Plight of conflict-displaced children deserves greater attention, says top UN official

Special Representative for Children and Armed Conflict Radhika Coomaraswamy

14 October 2009 – A top United Nations official today urged that greater attention be given to the plight of internally displaced children, among the most vulnerable groups affected by armed conflict.

“This is becoming an increasing issue around the world,” Radhika Coomaraswamy, the Special Representative of the Secretary-General for Children and Armed Conflict, told reporters ahead of the presentation of her annual report to the General Assembly.

She noted that annexed to her report is the “rights and guarantees” which should be accorded to children who are among internally displaced persons (IDPs), including the right to education, the liberty of movement, the right to protection against sexual and gender-based violence and the right to basic services.

Ms. Coomaraswamy also announced that she is sending Major-General Patrick Cammaert as her representative to Sri Lanka as soon as possible, and that the issue of IDP children “will be among the issues he will raise.”

Last month the Special Representative voiced her concern to the Geneva-based Human Rights Council about the fate of internally displaced children who still remain in camps in the north of Sri Lanka following the end of the Government’s military operation against Tamil rebels.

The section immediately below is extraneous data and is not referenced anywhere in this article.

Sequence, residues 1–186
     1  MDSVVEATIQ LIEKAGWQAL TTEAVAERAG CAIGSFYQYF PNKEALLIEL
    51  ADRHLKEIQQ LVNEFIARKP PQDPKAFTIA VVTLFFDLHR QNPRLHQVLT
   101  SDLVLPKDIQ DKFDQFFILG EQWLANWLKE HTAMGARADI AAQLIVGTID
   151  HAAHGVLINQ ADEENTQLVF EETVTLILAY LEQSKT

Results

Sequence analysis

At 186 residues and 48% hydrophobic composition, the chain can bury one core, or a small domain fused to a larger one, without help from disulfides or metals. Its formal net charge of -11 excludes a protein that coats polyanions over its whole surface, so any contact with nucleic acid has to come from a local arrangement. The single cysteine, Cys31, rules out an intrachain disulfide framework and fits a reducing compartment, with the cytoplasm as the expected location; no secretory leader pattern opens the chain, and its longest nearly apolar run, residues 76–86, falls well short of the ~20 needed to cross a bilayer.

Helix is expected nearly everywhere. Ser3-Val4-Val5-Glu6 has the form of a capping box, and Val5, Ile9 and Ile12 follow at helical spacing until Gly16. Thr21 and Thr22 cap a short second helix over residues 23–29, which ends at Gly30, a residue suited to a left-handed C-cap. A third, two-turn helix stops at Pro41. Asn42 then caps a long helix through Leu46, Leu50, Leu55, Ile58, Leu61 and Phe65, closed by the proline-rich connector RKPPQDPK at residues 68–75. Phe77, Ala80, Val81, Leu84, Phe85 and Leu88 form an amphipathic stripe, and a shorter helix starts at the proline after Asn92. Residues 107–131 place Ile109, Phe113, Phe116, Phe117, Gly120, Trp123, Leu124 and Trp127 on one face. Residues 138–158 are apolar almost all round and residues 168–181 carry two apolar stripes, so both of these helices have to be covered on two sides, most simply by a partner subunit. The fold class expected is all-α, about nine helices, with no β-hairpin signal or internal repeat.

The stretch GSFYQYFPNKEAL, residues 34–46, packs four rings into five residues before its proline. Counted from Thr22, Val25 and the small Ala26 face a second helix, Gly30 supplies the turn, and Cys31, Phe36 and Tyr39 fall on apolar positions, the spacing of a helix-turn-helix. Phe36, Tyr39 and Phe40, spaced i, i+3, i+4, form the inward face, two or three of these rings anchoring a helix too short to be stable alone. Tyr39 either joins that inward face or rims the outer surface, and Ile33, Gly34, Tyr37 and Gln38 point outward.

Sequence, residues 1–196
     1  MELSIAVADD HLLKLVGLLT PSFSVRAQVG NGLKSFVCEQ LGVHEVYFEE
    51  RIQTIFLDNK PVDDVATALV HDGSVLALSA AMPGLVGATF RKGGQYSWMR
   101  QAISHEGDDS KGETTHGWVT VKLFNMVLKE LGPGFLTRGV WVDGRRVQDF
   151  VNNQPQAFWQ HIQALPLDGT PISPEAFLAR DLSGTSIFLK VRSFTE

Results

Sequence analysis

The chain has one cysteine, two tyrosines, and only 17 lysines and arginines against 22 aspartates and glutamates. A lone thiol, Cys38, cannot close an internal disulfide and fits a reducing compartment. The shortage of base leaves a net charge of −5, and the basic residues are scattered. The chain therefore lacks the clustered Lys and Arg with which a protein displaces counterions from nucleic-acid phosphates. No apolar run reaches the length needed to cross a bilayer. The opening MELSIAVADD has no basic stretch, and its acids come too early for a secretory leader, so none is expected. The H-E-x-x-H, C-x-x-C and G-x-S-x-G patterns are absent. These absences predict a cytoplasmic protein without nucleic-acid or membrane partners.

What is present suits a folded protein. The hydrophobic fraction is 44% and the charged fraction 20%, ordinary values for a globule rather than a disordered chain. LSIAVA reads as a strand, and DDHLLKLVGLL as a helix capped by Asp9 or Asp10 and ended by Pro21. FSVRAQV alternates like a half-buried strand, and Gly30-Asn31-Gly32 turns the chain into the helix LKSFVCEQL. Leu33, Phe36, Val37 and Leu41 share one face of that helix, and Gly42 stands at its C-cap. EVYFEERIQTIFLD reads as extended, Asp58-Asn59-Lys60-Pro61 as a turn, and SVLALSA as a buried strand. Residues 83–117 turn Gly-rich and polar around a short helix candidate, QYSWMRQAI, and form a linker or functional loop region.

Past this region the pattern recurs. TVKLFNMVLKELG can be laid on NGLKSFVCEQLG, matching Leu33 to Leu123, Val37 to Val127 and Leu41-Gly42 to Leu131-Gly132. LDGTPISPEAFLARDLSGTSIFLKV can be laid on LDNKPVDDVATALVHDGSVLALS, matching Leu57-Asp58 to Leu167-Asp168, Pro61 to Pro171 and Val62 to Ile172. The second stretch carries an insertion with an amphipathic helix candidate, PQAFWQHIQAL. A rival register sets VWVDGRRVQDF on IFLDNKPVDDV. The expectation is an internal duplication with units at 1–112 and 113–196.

“We acknowledge the recent releases of some IDPs from the camps and hope that the others will also be allowed to leave if they wish to do so,” she told the Council.

In her briefing to reporters, Ms. Coomaraswamy also welcomed the increased commitment of the international community to combat sexual violence in wartime through the adoption of Security Council resolutions 1882 in August and 1888 in September.

She also highlighted a number of other issues contained in her report, including sexual violence against boys, juvenile justice protections – to ensure that children are not prosecuted for war crimes – and the successes with some countries in ending the practice of using child soldiers.

In addition, she urged all countries to ratify the Optional Protocol to the Convention on the Rights of the Child related to the recruitment and use of children, and announced the launch of a ratification campaign which will begin in 2010 towards this goal.

News Tracker: past stories on this issue

Sexual violence against children now key feature of armed conflict – UN report

Related Stories

Press briefing - 14 Oct. '09

More videos »

In-depth Interviews